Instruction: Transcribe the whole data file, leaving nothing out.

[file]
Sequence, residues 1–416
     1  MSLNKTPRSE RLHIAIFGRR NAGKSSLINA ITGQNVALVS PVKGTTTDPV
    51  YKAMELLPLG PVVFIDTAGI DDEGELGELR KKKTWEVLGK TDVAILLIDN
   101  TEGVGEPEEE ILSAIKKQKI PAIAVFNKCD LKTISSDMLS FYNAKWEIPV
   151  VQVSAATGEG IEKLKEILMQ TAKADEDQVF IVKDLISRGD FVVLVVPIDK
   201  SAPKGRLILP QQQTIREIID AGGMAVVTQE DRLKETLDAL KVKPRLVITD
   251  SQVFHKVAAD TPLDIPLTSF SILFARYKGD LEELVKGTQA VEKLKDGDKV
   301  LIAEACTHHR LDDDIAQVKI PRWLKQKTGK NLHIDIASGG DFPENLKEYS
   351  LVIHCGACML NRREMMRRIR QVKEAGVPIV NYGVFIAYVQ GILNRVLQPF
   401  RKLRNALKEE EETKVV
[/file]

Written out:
Sequence, residues 1–416
     1  MSLNKTPRSE RLHIAIFGRR NAGKSSLINA ITGQNVALVS PVKGTTTDPV
    51  YKAMELLPLG PVVFIDTAGI DDEGELGELR KKKTWEVLGK TDVAILLIDN
   101  TEGVGEPEEE ILSAIKKQKI PAIAVFNKCD LKTISSDMLS FYNAKWEIPV
   151  VQVSAATGEG IEKLKEILMQ TAKADEDQVF IVKDLISRGD FVVLVVPIDK
   201  SAPKGRLILP QQQTIREIID AGGMAVVTQE DRLKETLDAL KVKPRLVITD
   251  SQVFHKVAAD TPLDIPLTSF SILFARYKGD LEELVKGTQA VEKLKDGDKV
   301  LIAEACTHHR LDDDIAQVKI PRWLKQKTGK NLHIDIASGG DFPENLKEYS
   351  LVIHCGACML NRREMMRRIR QVKEAGVPIV NYGVFIAYVQ GILNRVLQPF
   401  RKLRNALKEE EETKVV